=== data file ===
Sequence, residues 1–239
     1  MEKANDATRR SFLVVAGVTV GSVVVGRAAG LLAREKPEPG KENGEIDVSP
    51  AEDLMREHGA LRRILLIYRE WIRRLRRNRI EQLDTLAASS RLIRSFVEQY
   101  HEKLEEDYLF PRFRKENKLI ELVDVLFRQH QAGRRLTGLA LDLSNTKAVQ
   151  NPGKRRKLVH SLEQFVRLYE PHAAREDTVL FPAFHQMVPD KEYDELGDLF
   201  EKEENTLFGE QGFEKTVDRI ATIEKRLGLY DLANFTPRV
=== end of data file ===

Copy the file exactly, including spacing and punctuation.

Sequence, residues 1–239
     1  MEKANDATRR SFLVVAGVTV GSVVVGRAAG LLAREKPEPG KENGEIDVSP
    51  AEDLMREHGA LRRILLIYRE WIRRLRRNRI EQLDTLAASS RLIRSFVEQY
   101  HEKLEEDYLF PRFRKENKLI ELVDVLFRQH QAGRRLTGLA LDLSNTKAVQ
   151  NPGKRRKLVH SLEQFVRLYE PHAAREDTVL FPAFHQMVPD KEYDELGDLF
   201  EKEENTLFGE QGFEKTVDRI ATIEKRLGLY DLANFTPRV